Nine of the eleven tournaments in my upcoming schedule are money tournaments, with Sacramento and Chico being the only two Futures events. My travel funds have run a little low, and if I prepare well and give myself a good chance to be successful, I’ll be able to earn some money for the fall and winter to travel with. I know this is going to be a long stretch with a lot of tennis being played, so right now I’m training hard and managing my body to make sure I’m healthy leading into the summer. I’ve been cross training a lot by either surfing or road cycling in order to decrease the pounding on my body from the hard courts. I’ve been stretching between 45 minutes to an hour a day, keeping myself loose and limber, and also being sure I ice down anything that might be sore during the day. If you treat your body well then your body will treat you well, and I want to establish a good daily “body-maintenance” routine before I hit the road.
Stay tuned as I play the West Coast Championships this weekend, and then head up north for the Sacramento Futures…thanks for reading!
Dust off your berets. Take out the croissants. Le French Le Open is Le here! (Get Official Roland Garros gear here)
Once again, all eyes of the tennis world will fall upon Roland Garros. The ultimate clay court tournament will feature the world’s best tennis players and some intriguing story lines.
For the first time in many years, Rafael Nadal is not the clear-cut favorite. To call Novak Djokovic hot right now is like calling the Grand Canyon a crack in the ground. It’s like calling John McEnroe mildly tempered. It’s an understatement, people. And with all these talks of Nadal and Djokovic, we all seemed to have forgotten a guy named Roger Federer. It’s funny how shortsighted fans can be; when the 16 time Grand Slam champion who’s not yet 30, is no longer in the conversation of contenders or when the King of Clay, a 5 time French Open champion, and STILL world #1 can be called an underdog. That just goes to show you the magnitude and impact of the 2011 Djokovic run.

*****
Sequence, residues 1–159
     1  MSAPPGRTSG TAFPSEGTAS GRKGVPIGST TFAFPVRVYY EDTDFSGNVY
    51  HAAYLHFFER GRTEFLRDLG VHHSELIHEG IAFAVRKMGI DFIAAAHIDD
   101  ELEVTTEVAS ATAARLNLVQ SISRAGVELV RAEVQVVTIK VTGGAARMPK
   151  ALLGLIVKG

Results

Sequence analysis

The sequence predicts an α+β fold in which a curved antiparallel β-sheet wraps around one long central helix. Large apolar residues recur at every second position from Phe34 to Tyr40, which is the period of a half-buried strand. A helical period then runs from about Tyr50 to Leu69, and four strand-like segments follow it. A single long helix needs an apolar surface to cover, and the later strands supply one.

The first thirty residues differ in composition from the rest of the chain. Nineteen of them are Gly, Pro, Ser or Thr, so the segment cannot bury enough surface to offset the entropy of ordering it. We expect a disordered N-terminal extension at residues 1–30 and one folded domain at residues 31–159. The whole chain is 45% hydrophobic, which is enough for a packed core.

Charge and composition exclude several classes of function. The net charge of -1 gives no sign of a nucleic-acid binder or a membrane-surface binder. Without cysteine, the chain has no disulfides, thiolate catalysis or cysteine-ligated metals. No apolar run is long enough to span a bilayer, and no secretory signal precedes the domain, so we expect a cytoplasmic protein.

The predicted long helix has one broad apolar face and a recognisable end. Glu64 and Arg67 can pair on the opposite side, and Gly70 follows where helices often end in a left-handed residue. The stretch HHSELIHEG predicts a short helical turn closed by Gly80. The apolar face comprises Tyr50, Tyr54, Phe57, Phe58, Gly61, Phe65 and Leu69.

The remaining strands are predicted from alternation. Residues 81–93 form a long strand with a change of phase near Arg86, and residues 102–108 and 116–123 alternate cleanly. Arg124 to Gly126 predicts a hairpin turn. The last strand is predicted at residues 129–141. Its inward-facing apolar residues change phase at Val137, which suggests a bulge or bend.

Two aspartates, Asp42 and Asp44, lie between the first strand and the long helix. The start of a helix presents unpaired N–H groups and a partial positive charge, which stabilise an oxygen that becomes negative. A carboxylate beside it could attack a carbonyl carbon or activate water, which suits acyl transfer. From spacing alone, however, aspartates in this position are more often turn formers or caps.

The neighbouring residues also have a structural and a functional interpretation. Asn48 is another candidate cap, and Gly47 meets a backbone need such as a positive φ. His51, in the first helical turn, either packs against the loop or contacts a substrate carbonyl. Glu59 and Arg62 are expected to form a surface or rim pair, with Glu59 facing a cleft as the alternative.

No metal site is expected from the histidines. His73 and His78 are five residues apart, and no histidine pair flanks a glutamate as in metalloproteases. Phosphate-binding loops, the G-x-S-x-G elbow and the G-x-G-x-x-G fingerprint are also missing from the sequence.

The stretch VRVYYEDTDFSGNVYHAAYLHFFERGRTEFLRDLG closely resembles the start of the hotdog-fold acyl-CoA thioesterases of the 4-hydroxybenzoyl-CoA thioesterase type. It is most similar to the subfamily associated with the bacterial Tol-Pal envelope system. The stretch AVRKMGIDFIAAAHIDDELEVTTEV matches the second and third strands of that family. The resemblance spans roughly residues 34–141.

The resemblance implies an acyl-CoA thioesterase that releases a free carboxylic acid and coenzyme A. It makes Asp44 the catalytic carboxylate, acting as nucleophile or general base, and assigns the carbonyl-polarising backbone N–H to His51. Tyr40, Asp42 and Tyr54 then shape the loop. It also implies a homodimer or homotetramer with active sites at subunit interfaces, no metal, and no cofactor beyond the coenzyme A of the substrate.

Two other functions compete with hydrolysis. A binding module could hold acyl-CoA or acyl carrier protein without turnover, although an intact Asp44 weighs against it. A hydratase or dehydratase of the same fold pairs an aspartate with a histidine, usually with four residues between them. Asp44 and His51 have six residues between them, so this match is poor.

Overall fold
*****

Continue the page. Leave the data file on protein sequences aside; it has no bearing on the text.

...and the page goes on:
Let’s face it, the talk of the tournament will be Novak vs. Rafa. But that doesn’t mean the women’s draw will be any less interesting. The field is wide open as to who will become champion. Until she actually wins one, people will always ask, “Is this where Caroline Wozniacki finally wins her first Grand Slam title?” Kim Clisters returns to tennis after her freak accident, and even though this is her first time competing in a few months, would you bet against her? Victoria Azarenka is making some noise lately, both figuratively and literally speaking. No Venus. No Serena. Maria Sharapova is surging with a win in Rome. And you know there are always a couple new faces (Julia Goerges and Petra Kvitova) that will make a Cinderella-like run.
It’s going to be a fun, 2-week ride. So grab a baguette, sit back, relax, and enjoy.
Here are my picks:
Men’s Final Matchup
Rafael Nadal vs. Novak Djokovic. This will be the 5th time these two see each other in the finals of a tournament. I’m torn as to whom to pick. My heart says Nadal, but my head says Djokovic. Either way, it will be an epic match 5 set match. I have a feeling Nadal gets his revenge and his 6th Roland Garros title.
Women’s Final Matchup
Caroline Wozniacki vs. Maria Sharapova. The battle of great offense versus great defense. Always the bridesmaid, never the bride, Wozniacki will once again come up short. Sharapova gets her career Grand Slam.